A gay marriage political crisis, not ‘evolution’

There is a lot of fawning media coverage of President Obama's new support for gay marriage. There is serious discussion of how he "evolved," and there are serious timelines being prepared by the Obama apologencia that earnestly track his "evolution." The only problem is they don't put "evolution" in quotation marks to highlight the cynical doubts that Obama's conversion deserves.  There is every reason to believe that this decision was made because Obama thinks it serves his current selfish political interests. He characterizes his politically expedient flip-flop as a theological "evolution."  The reality is, his political trajectory has stalled and he "evolved" into a desperate political situation.  

The path to his final "evolution" and telling the truth about how he really feels about gay marriage don’t just reveal his changed thinking, it perfectly matches his political needs at every step of his ambitious career.  Let's pause before we do any planning for an expansion to the eventual Obama monument on the Mall.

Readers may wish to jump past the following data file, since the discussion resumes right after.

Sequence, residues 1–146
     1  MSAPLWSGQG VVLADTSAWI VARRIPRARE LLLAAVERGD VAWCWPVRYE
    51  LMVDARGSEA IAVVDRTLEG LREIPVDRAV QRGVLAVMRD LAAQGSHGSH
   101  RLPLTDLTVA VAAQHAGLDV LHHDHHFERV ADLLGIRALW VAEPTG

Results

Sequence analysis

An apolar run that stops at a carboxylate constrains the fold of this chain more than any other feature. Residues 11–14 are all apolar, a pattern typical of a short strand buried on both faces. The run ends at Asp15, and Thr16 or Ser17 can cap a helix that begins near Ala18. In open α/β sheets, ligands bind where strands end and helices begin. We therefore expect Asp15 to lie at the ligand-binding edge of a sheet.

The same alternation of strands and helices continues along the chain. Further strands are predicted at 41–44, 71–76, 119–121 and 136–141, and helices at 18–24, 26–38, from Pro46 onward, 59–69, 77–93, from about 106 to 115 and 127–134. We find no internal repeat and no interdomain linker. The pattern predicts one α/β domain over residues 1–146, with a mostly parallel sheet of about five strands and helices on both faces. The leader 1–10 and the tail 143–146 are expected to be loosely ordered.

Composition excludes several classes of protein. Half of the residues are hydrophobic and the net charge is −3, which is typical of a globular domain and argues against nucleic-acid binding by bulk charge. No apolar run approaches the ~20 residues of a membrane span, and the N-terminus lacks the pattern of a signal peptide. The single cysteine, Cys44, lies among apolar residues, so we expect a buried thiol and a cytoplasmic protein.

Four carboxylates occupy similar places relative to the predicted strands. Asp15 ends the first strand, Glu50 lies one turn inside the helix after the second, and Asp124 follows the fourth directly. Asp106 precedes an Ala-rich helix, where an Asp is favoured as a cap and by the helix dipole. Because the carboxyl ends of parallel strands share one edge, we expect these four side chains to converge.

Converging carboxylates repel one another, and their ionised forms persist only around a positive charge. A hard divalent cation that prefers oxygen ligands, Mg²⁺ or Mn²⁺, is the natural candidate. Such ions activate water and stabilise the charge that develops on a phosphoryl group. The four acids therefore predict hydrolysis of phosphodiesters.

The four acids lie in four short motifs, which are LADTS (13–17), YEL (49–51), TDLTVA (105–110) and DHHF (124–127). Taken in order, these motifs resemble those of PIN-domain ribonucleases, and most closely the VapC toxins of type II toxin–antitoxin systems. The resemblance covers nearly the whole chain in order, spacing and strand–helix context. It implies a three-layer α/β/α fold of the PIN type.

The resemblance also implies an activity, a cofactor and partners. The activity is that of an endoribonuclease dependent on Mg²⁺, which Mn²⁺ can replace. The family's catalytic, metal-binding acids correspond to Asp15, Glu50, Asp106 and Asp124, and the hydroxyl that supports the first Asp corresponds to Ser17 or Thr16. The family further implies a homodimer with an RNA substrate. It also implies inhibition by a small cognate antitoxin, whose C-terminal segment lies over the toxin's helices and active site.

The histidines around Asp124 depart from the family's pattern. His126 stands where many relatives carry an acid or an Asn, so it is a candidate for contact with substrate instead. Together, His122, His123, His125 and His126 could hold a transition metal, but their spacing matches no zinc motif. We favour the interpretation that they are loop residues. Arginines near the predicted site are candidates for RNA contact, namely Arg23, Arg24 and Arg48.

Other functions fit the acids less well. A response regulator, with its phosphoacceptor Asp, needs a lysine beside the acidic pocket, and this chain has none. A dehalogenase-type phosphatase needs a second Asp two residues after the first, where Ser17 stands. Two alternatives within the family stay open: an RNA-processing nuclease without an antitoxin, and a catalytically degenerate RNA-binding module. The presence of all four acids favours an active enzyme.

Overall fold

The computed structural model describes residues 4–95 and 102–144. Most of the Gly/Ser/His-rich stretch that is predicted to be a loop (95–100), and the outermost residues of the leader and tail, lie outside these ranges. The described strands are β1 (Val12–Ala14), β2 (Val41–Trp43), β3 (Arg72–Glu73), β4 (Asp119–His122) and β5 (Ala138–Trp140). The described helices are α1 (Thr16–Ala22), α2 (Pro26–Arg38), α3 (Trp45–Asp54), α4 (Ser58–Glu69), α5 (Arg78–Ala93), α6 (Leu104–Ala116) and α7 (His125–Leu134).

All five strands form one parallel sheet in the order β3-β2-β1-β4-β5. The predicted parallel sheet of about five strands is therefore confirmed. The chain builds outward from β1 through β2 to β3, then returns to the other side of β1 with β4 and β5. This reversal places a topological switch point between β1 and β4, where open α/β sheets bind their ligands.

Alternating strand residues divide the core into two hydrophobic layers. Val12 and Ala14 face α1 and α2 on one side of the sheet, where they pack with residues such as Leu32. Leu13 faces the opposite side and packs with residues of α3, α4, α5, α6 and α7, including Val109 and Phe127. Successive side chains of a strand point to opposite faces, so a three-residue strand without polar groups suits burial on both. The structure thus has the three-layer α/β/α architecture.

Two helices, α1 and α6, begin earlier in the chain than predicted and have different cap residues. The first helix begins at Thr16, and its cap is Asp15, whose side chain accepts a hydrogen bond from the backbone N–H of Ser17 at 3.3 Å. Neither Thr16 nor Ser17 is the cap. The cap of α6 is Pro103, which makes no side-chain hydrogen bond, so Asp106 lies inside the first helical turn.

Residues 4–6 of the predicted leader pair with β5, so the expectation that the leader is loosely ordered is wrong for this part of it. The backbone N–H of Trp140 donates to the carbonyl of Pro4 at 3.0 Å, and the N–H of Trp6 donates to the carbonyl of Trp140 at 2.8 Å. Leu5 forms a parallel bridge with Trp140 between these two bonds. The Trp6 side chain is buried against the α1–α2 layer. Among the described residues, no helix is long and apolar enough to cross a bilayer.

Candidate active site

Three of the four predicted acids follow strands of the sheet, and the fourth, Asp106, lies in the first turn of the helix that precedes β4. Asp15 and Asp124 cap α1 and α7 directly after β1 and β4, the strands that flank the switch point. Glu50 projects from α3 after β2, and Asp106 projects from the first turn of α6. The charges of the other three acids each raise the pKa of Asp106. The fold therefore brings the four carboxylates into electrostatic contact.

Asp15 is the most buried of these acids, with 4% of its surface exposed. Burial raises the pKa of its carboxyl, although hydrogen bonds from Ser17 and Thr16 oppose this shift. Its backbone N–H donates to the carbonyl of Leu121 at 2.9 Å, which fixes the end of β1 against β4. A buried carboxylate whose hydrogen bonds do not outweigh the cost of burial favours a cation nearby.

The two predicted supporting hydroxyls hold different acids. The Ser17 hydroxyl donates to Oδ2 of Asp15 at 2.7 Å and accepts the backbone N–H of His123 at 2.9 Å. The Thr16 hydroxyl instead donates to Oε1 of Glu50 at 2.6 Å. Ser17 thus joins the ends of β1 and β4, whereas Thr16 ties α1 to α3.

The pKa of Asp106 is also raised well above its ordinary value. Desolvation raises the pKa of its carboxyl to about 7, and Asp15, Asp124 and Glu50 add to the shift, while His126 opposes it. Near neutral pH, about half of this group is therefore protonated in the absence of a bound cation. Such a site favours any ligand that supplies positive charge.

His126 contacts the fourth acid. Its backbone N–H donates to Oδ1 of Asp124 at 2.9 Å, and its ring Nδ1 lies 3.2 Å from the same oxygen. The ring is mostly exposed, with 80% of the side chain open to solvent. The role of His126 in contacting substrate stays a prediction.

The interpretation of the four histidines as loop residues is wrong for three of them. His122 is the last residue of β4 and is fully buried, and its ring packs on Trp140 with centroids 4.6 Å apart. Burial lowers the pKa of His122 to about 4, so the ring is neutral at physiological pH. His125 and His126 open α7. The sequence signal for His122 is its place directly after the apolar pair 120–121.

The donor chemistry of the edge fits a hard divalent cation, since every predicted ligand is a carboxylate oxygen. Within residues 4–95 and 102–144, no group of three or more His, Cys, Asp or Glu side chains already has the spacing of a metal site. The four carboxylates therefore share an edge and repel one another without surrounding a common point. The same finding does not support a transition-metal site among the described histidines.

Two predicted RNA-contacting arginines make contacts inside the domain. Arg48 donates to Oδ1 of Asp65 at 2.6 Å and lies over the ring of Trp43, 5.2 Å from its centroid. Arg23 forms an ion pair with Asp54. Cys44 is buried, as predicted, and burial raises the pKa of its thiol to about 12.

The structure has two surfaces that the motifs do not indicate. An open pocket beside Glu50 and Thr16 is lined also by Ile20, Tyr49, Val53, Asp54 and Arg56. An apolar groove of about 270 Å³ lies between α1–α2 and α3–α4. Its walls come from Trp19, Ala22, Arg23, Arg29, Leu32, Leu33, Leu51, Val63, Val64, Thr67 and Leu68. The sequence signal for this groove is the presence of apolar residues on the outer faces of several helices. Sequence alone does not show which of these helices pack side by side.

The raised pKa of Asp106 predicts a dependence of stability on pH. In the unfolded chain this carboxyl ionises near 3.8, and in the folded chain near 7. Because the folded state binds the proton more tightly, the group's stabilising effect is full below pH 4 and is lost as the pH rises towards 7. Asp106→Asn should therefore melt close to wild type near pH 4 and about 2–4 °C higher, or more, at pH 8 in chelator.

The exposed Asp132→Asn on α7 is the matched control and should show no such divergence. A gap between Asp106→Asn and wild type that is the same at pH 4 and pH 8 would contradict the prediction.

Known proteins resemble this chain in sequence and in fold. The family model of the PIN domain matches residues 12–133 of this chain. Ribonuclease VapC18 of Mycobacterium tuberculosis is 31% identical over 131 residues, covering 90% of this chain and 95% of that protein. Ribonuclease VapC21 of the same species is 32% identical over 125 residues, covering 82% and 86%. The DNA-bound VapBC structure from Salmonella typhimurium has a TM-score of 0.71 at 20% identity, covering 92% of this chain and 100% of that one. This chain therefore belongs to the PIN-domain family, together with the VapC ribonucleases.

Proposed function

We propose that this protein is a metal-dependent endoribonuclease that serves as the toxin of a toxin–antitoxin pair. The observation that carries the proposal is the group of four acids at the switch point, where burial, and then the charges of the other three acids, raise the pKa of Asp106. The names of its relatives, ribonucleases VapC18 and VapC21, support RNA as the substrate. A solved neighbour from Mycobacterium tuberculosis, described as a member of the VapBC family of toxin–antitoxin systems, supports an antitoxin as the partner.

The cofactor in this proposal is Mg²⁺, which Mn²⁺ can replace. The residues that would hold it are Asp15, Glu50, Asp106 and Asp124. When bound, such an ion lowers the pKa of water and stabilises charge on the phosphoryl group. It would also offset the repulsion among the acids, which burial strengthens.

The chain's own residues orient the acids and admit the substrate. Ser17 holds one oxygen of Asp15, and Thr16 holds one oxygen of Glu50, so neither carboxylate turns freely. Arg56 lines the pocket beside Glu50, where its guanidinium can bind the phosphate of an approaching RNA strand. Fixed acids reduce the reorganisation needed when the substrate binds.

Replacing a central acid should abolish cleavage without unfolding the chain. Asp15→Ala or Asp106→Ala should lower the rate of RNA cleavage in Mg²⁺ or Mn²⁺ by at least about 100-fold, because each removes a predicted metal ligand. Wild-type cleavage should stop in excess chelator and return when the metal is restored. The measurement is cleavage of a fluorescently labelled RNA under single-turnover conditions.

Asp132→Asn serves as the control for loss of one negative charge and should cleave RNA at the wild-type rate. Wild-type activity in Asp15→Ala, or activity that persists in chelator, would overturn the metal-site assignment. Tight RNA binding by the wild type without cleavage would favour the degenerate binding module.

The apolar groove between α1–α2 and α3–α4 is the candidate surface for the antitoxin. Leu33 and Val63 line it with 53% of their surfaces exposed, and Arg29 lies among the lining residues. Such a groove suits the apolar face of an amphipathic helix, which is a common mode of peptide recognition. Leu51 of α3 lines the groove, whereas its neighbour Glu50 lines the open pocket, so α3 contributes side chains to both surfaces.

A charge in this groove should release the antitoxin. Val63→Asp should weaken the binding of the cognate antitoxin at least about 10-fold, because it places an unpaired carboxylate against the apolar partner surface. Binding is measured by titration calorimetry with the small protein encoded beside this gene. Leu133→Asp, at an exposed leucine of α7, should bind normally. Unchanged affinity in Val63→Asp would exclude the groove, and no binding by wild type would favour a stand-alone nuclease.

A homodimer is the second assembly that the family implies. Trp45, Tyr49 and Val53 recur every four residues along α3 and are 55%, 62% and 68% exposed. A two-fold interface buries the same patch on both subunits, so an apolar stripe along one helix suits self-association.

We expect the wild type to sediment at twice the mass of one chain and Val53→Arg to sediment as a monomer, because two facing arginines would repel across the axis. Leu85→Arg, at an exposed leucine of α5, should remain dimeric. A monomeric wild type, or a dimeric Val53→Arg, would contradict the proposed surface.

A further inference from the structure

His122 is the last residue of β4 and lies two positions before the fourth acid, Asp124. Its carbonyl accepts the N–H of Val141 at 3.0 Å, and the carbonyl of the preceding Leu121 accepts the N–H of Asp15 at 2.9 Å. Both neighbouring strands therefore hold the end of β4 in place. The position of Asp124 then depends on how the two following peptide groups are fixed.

Reality check: Obama manipulated gay voters, kept them at a distance and hoped they would settle for the occasional wink and a nod. But he has found himself in a campaign with dwindling enthusiasm and a narrowing electoral map; he needs this group's enthusiastic support and high turnout in November.  

Even so, it took Vice President Biden's moment of honesty to force the president's hand. Obama did this because he needed to, not because he wanted to.

More on this debate:

Milbank: Politics imitates daytime television

Petri: Obama backs gay marriage, world ends

Achenbach: Gay marriage and the teenage menace

The Post’s View: Obama finally says ‘I do’

Bernstein: Historic, yes, but little political effect

Ed Rogers is a contributor to the PostPartisan blog, a political consultant and a veteran of the White House and several national campaigns. He is the chairman of the lobbying and communications firm BGR Group, which he founded with former Mississippi Gov. Haley Barbour in 1991.
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